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No joint press conference for Putin and Biden: Joe REFUSES to stand next to Russian president

President Joe Biden will hold a solo press conference after his meeting with Vladimir Putin next week, denying the Russian president the opportunity to stand by him and answer questions from the press. 

A joint press conference is traditional when two world leaders meet and President Donald Trump held one with Putin when the two men met in Helsinki in July 2018. 

It was an indication both of the administration's reluctance to grant Putin yet another prominent platform in addition to the summit itself - as well as a reluctance on the part of the White House to put Biden in an unscripted situation that could go off the rails. 

President Joe Biden will hold a solo press conference after his meeting with Vladimir Putin next week

White House will set a different tone for President Biden's meeting with Vladimir Putin compared to when Donald Trump met with the Russian President

The two leaders meet in Geneva on Wednesday in an 18th-century Swiss villa overlooking Lake Geneva. It's their first face-to-face meeting since Biden became president.

'We expect this meeting to be candid and straightforward and a solo press conference is the appropriate format to clearly communicate with the free press the topics that were raised in the meeting—both in terms of areas where we may agree and in areas where we have significant concerns,' a White House official said on Saturday.

If they were to do a joint presser, Putin would get the chance to undercut serious warnings Biden wants to deliver on Russian dissident Alexei Navalny and cyber issues. Putin has already scoffed at the issue by raising treatment of US Capitol rioters in an effort to establish equivalency.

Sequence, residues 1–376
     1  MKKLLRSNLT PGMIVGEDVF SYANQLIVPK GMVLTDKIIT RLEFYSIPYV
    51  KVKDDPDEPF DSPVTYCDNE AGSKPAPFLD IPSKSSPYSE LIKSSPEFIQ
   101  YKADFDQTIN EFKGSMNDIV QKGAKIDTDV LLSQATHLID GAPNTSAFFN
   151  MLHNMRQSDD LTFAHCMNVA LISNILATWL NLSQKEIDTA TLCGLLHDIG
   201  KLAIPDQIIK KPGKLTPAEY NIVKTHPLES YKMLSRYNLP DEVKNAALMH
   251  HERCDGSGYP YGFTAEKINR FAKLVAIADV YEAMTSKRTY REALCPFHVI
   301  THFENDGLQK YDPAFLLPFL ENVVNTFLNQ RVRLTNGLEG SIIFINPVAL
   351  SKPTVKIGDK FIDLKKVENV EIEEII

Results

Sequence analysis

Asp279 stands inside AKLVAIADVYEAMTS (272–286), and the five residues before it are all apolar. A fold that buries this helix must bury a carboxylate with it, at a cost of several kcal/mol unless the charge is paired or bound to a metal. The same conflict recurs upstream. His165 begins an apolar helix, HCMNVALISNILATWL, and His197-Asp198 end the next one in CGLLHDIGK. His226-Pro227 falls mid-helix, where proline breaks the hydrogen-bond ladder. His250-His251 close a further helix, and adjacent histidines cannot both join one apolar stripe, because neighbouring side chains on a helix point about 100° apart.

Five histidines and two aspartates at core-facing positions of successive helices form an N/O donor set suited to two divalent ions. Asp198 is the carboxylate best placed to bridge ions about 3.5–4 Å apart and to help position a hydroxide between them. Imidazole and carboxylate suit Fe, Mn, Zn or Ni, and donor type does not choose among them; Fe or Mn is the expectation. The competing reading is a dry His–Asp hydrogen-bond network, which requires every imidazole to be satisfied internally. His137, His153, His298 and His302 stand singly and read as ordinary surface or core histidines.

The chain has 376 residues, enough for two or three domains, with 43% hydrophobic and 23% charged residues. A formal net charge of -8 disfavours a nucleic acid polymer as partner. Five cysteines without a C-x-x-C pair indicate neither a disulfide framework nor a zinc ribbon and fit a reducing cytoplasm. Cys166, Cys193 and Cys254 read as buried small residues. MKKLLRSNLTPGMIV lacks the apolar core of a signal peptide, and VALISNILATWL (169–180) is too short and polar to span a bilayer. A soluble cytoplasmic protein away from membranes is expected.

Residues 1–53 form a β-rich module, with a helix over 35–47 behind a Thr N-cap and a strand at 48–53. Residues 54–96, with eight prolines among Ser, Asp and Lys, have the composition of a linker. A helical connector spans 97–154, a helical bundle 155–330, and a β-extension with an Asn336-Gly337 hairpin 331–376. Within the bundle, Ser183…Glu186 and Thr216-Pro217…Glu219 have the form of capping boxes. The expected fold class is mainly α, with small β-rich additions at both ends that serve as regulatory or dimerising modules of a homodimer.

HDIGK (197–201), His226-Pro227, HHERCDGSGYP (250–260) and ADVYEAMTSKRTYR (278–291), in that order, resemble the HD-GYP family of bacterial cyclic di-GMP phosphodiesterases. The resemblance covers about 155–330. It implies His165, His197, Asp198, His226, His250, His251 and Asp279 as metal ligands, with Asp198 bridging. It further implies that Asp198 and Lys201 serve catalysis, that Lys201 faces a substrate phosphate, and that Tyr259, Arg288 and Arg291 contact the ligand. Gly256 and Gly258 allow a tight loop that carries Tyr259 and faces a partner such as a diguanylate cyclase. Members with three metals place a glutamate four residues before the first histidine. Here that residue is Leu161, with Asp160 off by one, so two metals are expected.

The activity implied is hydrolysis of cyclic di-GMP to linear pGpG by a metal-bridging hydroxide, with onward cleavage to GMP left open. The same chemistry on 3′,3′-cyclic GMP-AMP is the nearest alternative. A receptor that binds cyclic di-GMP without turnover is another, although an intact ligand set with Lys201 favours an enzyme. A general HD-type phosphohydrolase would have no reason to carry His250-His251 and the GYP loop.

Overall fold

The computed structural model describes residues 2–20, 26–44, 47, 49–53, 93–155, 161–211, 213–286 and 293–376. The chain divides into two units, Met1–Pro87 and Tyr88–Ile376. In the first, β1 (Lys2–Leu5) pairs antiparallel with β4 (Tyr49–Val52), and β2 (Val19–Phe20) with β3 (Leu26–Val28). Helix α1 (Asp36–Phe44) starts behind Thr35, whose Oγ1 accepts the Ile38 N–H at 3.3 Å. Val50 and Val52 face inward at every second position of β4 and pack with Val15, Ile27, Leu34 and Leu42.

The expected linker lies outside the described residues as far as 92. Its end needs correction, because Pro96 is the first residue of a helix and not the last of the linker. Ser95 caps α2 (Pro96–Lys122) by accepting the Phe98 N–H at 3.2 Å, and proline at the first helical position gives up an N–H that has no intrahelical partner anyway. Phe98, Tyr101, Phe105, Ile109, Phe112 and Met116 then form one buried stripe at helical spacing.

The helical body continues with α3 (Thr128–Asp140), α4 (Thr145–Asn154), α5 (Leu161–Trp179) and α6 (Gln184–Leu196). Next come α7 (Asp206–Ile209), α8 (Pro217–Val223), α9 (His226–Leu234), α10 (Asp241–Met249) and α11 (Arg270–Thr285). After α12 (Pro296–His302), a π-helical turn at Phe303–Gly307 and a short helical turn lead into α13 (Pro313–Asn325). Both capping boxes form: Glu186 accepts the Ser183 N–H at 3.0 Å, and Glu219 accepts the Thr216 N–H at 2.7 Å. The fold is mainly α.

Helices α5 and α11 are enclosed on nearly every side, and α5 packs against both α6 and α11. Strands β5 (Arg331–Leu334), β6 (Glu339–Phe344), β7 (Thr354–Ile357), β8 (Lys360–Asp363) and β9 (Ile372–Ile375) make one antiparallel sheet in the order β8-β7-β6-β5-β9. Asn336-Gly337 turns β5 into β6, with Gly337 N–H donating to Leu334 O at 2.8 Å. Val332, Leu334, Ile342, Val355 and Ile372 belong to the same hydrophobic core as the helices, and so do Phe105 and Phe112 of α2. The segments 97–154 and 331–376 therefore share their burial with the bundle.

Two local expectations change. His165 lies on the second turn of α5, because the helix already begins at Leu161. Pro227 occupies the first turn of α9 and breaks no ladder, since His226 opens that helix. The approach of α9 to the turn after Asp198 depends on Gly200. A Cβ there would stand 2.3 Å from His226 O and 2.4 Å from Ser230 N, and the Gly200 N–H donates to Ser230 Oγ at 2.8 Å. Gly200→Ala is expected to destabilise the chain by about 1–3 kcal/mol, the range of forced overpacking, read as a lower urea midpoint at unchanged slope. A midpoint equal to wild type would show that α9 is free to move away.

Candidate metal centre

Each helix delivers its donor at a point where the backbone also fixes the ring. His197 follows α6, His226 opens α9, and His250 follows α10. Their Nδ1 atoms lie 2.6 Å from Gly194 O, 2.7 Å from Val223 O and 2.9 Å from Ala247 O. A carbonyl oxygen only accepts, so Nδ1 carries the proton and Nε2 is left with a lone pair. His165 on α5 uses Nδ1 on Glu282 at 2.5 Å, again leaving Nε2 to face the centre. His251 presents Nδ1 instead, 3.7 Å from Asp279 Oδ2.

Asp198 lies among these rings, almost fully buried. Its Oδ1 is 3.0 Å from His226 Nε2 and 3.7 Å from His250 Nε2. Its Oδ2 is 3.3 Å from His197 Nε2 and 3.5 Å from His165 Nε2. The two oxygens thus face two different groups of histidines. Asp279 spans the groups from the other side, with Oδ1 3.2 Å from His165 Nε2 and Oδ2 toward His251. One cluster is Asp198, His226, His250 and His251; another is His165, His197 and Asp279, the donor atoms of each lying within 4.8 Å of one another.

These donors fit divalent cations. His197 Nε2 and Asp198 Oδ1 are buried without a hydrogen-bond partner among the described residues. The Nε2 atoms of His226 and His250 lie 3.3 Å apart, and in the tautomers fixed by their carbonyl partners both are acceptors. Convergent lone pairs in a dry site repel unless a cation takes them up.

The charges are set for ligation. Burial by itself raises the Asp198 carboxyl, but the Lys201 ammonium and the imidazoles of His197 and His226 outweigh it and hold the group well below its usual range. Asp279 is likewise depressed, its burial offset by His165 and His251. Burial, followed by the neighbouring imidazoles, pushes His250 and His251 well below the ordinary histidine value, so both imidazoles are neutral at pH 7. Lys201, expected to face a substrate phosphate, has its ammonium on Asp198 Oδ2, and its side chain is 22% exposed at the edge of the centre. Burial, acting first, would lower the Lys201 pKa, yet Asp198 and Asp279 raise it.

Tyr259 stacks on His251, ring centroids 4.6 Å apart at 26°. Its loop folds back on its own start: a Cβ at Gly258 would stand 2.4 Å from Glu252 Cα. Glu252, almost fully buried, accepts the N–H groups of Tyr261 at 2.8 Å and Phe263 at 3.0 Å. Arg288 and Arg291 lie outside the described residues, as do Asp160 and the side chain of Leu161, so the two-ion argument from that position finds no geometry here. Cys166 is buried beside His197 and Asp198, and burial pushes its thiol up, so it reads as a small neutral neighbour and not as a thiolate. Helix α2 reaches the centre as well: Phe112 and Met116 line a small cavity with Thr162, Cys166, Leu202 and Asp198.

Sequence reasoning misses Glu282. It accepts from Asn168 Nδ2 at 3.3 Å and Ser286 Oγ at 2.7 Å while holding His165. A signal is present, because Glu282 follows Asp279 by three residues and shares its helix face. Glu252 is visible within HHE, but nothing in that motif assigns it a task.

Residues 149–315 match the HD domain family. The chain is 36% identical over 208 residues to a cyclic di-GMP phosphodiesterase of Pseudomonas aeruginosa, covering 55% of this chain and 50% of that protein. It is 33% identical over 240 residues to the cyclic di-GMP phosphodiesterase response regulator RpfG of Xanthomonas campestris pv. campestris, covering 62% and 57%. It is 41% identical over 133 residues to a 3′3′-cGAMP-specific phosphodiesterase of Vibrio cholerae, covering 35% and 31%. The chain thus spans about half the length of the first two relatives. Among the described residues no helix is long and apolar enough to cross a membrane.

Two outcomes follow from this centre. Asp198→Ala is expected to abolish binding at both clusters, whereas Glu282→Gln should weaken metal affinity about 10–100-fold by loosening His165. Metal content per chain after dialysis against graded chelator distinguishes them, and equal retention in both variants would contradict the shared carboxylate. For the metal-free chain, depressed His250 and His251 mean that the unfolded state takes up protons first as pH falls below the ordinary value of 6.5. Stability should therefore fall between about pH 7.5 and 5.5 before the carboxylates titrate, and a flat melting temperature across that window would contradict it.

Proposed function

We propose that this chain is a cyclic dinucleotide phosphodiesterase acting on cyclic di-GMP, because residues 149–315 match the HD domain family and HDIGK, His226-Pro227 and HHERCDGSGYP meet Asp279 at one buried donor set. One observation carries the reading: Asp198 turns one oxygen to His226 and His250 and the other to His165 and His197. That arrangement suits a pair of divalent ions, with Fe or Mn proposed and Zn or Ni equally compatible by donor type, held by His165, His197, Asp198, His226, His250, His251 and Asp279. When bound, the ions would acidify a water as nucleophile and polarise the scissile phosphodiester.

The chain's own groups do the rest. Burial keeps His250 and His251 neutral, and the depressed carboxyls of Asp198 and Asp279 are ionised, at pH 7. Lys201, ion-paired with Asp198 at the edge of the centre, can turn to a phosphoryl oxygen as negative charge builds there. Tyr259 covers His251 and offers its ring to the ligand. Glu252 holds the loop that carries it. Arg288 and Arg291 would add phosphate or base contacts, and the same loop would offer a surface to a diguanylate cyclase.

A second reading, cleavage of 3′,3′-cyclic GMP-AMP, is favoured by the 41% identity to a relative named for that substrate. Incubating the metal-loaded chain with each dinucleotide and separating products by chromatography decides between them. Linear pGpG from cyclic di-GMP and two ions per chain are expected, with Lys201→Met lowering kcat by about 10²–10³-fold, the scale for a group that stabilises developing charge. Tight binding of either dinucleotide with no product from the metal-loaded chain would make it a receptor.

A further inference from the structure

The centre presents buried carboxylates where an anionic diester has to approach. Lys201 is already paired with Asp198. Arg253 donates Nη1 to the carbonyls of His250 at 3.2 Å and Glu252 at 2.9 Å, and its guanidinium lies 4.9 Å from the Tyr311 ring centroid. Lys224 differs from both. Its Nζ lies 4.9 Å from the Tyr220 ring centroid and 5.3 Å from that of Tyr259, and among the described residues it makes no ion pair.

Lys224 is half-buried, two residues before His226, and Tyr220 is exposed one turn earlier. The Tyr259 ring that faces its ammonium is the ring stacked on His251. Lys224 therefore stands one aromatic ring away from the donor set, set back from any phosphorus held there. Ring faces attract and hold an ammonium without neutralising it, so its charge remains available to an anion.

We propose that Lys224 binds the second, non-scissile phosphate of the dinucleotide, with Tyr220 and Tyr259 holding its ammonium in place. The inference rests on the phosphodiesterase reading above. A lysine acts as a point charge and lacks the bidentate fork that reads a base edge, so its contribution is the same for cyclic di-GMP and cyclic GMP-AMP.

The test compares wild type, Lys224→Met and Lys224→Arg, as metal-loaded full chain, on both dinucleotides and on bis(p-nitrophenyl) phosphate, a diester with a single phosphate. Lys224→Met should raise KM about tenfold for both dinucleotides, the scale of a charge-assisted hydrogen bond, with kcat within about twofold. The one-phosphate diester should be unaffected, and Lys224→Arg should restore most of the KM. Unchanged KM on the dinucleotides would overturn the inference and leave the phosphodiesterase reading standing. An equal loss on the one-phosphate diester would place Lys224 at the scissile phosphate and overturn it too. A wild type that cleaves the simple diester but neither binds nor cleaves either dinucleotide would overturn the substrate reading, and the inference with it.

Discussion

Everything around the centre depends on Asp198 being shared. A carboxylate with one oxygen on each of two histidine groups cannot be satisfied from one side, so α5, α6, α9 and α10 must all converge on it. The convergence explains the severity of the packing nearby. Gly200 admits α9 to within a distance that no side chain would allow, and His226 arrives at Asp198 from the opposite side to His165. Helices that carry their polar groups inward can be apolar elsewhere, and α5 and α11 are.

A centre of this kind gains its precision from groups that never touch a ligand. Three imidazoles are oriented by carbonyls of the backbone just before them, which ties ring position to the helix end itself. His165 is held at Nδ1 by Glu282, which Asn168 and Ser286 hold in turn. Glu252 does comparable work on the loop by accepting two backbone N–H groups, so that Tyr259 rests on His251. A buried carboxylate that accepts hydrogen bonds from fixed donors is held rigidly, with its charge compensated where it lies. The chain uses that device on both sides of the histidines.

The format of the meeting is still being finalized but, according to the official, the plan is 'for both a working session and a smaller session.' 

Russian and American officials have been going back-and-forth on the format of the meeting, volleying ideas and jockeying for position as the date gets closer.

The sit down comes amid rising tensions between Washington and Moscow, with Biden making it clear he will take a tougher stance on Russian aggression than his predecessor in the Oval Office, Donald Trump.

'We're under no illusions that this is going to be an easy relationship; it is going to be an extremely challenging relationship. And I think we've been quite clear about that,' a senior administration official told reporters on a briefing call Friday.

Biden meeting with Putin in March 2011 when he was vice president

President Trump held a formal press conference with President Putin in Helsinki in July 2018, where Putin gave him a soccer ball and Trump sided with him over US intelligence agencies

Whatever the final format ends up being, it is expected to be much different than the last meeting between a Russian and American president - both in message and visuals. 

Two years ago, Trump met privately for two hours with Putin in Helsinki and, afterward, they stood side-by-side to answer questions from reporters. 

At the time, Trump sided with the Kremlin over US intelligence agencies, claiming he believed his Russian counterpart when Putin said the Kremlin didn't interfere in US elections. 

'President Putin says it's not Russia. I don't see any reason why it would be,' Trump said. 

Additionally, images of the two men smiling as Putin handed Trump an Adidas soccer ball undercut the stern messages of lawmakers and the intelligence community.

The White House also has yet to answer questions about who will be present during the smaller session, having faced questions about Trump and Putin's decision to meet with only note takers present during past summit meetings.   

Biden will deliver a much tougher message when he talks election interference, cyber attacks, human rights and the Ukraine.

He previewed it earlier this week when he kicked off his eight-day trip to Europe with a speech to US Air Force personnel stationed in the United Kingdom. 

Speaking at RAF Mildenhall in Suffolk he said: 'I'm meeting with Mr. Putin to let him know what I want him to know,' drawing cheers from the troops. 

Putin also didn't sound hopeful about the sit down.

'We have a bilateral relationship that has deteriorated to its lowest point in recent years,' he told NBC News. 

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